A recent study revealed that the average UK startup costs £5000 just to launch. It is further estimated that firms will spend upwards of £20,000 just to make it through the first year. This isn’t the kind of money most people have resting down the back of the sofa, so entrepreneurs should take stock of their potential funding avenues.

While some will be able to dip into personal savings to fund their venture, it may be more realistic to take an informal loan from a relative or friend. The benefit of this approach is obvious – individuals will likely get highly favourable interest rates when compared with traditional business loans. That said, this option will remain inaccessible to many at the level of funding required to kickstart a business.

Alternatively, entrepreneurs could turn towards the traditional lenders for credit or loans. It must be noted that startups will find it difficult to be accepted for such a loan; most banks will require a trading history before accepting any application. It would therefore be wise to thoroughly consider their options here to avoid draining crucial development time and resources on applications with little hope of being accepted.

Thankfully, there are other routes to funding. The government offers a startup funding scheme with more relaxed eligibility requirements than credit providers, which are a potentially valuable resource for those lacking access to impersonal or traditional credit sources.

Calculating overheads

If raising your first round of finance is one of the biggest challenges any budding entrepreneur will face, spending it wisely is surely on a par.

Spending money too quickly, or too slowly, investing too lavishly, penny-pinching too hard. Thus, the best approach will always be to keep your scaling strategy in mind and consider your place in the market carefully.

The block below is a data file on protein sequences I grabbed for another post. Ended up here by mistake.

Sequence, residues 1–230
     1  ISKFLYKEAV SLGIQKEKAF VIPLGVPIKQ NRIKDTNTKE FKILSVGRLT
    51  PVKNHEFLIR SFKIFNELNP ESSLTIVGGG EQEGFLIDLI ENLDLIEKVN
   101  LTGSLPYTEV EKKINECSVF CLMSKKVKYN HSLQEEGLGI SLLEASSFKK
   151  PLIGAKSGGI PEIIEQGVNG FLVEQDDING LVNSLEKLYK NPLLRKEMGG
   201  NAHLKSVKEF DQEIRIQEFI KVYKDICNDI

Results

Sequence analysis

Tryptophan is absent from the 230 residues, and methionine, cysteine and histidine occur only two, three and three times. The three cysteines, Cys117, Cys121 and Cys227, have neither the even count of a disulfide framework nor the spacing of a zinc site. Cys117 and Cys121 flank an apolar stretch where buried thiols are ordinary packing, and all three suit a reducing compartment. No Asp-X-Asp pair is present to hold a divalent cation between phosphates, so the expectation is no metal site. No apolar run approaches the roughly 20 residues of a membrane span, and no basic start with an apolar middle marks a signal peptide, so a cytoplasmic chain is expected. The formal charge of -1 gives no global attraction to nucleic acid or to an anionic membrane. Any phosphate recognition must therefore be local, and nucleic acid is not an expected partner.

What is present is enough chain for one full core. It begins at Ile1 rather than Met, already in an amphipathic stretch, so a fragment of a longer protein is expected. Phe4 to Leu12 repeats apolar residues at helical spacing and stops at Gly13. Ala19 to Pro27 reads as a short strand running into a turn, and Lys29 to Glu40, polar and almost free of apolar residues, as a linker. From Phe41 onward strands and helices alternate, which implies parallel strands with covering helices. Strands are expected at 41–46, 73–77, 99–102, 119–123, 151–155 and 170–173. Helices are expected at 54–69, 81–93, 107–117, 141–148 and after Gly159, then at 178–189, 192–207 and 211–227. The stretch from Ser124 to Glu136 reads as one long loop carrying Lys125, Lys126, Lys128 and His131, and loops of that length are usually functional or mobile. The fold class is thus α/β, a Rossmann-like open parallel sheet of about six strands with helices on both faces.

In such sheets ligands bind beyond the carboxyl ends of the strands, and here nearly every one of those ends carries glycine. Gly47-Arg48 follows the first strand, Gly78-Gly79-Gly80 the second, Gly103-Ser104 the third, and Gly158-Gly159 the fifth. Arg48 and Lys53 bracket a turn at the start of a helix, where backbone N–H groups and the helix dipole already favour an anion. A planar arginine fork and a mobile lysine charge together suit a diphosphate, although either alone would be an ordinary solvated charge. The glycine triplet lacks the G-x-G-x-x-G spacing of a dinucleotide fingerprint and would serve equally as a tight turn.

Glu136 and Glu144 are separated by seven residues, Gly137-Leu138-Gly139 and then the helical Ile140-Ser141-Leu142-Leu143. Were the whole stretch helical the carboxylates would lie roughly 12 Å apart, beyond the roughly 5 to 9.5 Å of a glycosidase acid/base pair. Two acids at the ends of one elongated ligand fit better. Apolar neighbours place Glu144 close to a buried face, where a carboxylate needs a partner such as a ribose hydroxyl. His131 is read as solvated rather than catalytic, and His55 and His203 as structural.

The effects of the pandemic will provide a boost here. The rapid consumer trend away from the high street and towards online retail mean many businesses can consider eCommerce a viable cornerstone of their business plan. This could mean no money wasted on expensive commercial rates and rents, with that chunk of overhead now free to invest on operations and productive capacity.

Further, the remote working revolution has shifted attitudes towards work away from the office and into the home – and many want to stay. This means businesses can look to hire from further afield than their locality, which could mean hiring better talent or making costs savings on wages, depending on the priority of the business.

Evidently, there is an entrepreneurial spirit flowing through Britain. It is certainly an exciting prospect, however also a challenging one, given the economic uncertainty driven by COVID-19. While the benefits for entrepreneurs are obviously, there is great risk attached. Planning an appropriate and robust long-run plan to scale, while never losing sight of the fundamental finer details, will be crucial to any success.

Nic RedfernAbout the author

Nic Redfern is the finance director for NerdWallet UK. NerdWallet is on a mission to provide clarity for all of life’s financial decisions. As an independent financial comparison website, NerdWallet provides consumers and businesses with useful tools and insights so they can make smart money moves. From choosing a bank account or breakdown cover to buying a house, NerdWallet is there to help individuals make financial decisions with confidence. Users have free access to our comparison tables and expert content, to help them stay on top of their finances and save time and money, giving them the freedom to do more.